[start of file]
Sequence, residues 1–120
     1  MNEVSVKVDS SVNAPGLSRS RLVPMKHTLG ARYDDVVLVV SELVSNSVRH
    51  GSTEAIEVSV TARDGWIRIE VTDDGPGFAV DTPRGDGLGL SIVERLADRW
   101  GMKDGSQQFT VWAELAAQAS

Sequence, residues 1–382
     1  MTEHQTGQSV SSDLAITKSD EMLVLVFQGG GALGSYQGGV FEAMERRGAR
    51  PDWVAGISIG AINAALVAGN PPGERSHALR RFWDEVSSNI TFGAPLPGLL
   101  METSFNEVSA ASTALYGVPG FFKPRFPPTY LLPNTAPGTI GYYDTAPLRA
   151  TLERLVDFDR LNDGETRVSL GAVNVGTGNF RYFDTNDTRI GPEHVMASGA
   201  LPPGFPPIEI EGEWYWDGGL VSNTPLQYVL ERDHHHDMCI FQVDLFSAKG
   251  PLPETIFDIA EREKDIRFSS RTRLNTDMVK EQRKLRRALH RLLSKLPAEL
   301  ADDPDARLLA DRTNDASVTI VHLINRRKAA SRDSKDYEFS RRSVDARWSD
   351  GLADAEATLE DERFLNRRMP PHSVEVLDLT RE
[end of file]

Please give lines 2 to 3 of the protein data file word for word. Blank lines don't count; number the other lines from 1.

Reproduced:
     1  MNEVSVKVDS SVNAPGLSRS RLVPMKHTLG ARYDDVVLVV SELVSNSVRH
    51  GSTEAIEVSV TARDGWIRIE VTDDGPGFAV DTPRGDGLGL SIVERLADRW